New contributor.Spencer Hess introduces his take on Native: Identity, Belonging and Rediscovering God by Kaitlin Curtice. How did we get in our own way? SH’s reaction to Kaitlyn Curtice’s book Native begins to indicate the way.
I’m going to change it up a little in the New Year. More to come on what to expect from Spencer Hess, an interviewee and a new contributor to this channel! https://pmaurin.org
On this video: Hauerwas writes about the state of universities and liberal arts colleges, particularly but not exclusively religious colleges. Many of the problems he sees and the aspirations he holds dear can be applied to any modern university or college. I trace key elements of Hauerwas’s argument and sift them through my own perspective as an educator. Universities are not in good shape and do not seem to be poised for a positive turn. What is the point of higher education ideally and really? … More The State of University Address
auerwas deals skeptically with both political and religious virtue, but holds out hope for a type of political virtue within church. His treatment in Christian Existence Today is a bit cursory, but it’s thought provoking. The second half of this video deals with the problems of community and political virtue in church. Hint: it doesn’t mean joining team red or blue. … More Political and Religious Virtue: Really?
cussing different views of virtue that developed at different times in history but are still with us, either as ghosts or as confused and contradictory aspirations. I suggest a new view of virtue has taken over, hyper-bourgeois virtue. … More Virtue: Ancient, Christian, Bourgeois, Hyper-Bourgeois
In his book Christian Existence Today, “A Christian Critique of Christian America,” Stanley Hauerwas takes on American civil religion. Understanding why most Christian positions toward the state aren’t good enough will help us determine what Christianity might look like if we stopped pursuing it through the state, ideologies and politics. … More Why Not School Prayer? Hauerwas’s Christian Critique of Christian America
ell known for his critique of liberal ideology and his defense of the church as its own community that should be something different than “the world.” His thought lends itself to communitarianism and challenges the growth of Christian Nationalism and Constantinianism in our day. This video introduces Hauerwas’s life and some of his big ideas and is the beginning of a series derived from two of his books: A Community of Character: Toward a Constructive Christian Social Ethic, and Christian Existence Today: Essays on Church, World, and Living In-Between. … More Introduction to Stanley Hauerwas
Do you think being grateful while eating your turkey is the best thing you could be doing today? Here are some thoughts to agitate you (and maybe get you to drink one less beer) on this US holiday. Along the way we ponder the “Metaverse” of Mark Zuckerberg’s dreams, why charity might not be the very best thing you could do, and why word vomiting on others is an activity to avoid–maybe particularly today. … More Ten Things to Consider (Thanksgiving Greetings ft. Zuckerberg’s Metaverse)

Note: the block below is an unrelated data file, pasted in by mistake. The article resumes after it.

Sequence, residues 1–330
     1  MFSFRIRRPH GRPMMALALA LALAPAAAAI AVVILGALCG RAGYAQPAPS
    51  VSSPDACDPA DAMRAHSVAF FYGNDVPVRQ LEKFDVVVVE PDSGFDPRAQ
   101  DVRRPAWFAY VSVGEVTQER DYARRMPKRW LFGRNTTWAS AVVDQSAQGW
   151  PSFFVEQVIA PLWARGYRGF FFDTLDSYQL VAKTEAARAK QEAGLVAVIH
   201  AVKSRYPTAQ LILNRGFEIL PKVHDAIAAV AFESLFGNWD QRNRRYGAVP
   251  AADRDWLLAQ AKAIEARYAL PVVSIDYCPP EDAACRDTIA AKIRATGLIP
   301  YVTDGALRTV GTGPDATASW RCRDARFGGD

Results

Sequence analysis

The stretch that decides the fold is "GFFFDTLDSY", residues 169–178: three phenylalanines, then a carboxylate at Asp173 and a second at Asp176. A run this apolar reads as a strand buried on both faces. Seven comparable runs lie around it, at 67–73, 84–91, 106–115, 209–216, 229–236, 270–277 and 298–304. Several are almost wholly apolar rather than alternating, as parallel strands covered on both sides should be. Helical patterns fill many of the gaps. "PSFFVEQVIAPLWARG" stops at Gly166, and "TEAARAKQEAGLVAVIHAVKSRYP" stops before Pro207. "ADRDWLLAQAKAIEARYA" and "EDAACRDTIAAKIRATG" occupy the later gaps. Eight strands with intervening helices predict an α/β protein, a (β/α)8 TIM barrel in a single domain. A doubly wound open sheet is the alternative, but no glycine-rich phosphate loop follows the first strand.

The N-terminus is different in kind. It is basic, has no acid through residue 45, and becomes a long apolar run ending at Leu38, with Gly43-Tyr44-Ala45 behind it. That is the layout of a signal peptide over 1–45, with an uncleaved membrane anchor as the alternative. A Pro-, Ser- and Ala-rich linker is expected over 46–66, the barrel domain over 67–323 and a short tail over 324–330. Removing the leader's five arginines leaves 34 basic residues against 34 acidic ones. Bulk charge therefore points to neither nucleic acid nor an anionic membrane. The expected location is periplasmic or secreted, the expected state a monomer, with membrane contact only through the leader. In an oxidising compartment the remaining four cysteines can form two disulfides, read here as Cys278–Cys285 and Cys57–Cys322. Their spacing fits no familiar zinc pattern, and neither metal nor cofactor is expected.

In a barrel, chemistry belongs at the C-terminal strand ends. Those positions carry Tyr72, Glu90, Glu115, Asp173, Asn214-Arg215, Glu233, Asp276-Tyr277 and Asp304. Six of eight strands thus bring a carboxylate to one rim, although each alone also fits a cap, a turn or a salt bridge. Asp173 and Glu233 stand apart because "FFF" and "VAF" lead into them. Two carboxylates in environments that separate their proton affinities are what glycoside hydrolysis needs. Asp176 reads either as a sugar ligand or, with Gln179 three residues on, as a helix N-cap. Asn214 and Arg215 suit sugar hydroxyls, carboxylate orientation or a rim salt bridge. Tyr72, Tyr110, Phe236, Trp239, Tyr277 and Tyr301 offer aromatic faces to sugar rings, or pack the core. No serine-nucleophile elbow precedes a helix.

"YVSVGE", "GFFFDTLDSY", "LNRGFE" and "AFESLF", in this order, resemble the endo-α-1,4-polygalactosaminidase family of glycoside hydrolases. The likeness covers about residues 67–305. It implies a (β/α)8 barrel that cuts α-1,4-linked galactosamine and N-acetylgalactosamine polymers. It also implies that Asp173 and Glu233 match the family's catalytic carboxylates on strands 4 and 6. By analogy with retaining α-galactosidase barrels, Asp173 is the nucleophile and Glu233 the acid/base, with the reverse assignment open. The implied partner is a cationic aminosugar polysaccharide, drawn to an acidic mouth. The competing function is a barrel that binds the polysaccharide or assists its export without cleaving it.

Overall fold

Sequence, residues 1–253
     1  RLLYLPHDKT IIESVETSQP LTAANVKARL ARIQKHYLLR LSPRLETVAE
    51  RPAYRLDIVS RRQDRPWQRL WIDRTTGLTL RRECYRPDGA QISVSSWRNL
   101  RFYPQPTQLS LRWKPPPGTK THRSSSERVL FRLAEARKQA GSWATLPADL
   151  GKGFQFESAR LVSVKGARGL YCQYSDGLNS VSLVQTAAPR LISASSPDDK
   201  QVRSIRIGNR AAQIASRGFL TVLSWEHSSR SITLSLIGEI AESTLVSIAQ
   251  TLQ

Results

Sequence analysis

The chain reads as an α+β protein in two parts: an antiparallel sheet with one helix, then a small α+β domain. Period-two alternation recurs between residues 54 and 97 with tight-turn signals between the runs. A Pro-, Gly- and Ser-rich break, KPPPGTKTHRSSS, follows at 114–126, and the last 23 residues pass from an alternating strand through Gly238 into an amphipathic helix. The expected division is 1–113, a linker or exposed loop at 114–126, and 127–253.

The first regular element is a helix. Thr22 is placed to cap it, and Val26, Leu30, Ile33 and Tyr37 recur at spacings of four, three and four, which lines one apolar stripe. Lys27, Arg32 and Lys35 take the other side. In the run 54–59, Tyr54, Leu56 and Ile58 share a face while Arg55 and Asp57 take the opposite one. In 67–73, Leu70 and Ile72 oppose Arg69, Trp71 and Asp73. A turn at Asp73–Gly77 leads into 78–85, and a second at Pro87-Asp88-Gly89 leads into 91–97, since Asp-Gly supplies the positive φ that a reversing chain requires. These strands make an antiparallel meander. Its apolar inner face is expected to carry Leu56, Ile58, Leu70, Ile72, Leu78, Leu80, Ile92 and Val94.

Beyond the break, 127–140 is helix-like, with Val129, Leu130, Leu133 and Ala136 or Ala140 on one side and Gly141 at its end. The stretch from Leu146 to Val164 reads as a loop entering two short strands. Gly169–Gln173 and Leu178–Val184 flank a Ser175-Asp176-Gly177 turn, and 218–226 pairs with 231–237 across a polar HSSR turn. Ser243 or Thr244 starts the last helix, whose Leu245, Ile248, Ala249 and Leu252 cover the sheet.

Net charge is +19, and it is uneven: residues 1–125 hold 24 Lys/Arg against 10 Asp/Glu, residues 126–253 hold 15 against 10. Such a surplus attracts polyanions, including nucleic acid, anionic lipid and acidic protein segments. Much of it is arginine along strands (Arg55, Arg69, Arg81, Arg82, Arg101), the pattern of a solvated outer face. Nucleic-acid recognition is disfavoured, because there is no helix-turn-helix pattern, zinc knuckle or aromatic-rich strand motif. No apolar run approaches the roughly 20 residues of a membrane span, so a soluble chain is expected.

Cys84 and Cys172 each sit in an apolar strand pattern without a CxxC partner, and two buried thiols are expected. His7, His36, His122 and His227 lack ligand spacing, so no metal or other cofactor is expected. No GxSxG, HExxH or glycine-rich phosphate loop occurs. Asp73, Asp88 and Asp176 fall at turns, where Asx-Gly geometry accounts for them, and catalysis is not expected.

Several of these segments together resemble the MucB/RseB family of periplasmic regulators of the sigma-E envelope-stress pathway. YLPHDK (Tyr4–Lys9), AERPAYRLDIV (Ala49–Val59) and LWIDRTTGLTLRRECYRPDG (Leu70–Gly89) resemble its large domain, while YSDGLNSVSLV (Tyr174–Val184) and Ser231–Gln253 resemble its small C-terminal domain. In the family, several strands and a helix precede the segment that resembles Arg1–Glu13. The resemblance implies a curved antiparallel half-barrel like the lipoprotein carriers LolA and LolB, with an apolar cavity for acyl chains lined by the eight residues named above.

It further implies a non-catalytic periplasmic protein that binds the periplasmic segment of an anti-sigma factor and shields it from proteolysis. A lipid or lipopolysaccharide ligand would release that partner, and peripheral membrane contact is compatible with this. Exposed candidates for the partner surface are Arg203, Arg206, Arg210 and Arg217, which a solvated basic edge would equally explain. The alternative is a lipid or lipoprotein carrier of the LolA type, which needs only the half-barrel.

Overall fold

ve all 12 steps, but it does give us at least two steps, and a “serenity prayer” for our particular addiction. In this penultimate episode dealing with Walter Brueggemann’s Out of Babylon I discuss the themes that emerge in the last chapter dealing with accommodation and resistance to empire. Brueggemann is unflinching in his warning to US Christians that they have verged from accommodation, which is sometimes necessary, to capitulation, which is inexcusable and amounts to idolatry and rejection of “local identity” or strong community values. … More 12 Step Program for Christians Addicted to Empire (Out of Babylon 6 audio)
Christian nationalism–the reasons it is wrong but also the possible reasons why it exists. Looking at the Old Testament as a source of iconic, archetypal and enduring truths is discussed as an alternative to the narrative of the US as the new Israel. If people remain captive to Empire, why? Is it partly because they truly have been displaced and are tempted by cooptation? Is it due to their fear of the wilderness and the freedom it represents? … More Christian Nationalism as Stockholm syndrome (Brueggemann 5)
Chapter 4 of Walter Brueggemann’s Out of Babylon discusses the power of poetic imagination to create the conditions for change. Multiple views of God’s position relative to humans, and the human response to God are entertained in poetic language. Brueggemann emphasizes the latter as a strength that shows a way beyond the sectarian infighting that characterizes most religious sects and keeps those within them from being able to act positively to create a better future. The idea of a mutable God is discussed–a God who is able to change his mood and mind in response to changes in relationship to his human fold. In dealing with this kind of God, having a fertile imagination about the future is particularly important, as it fosters hope and cancels despair that tends to occur as people bow down to imperial economics and politics. … More Divine Imagination & Futuring (Brueggemann: Out of Babylon 4)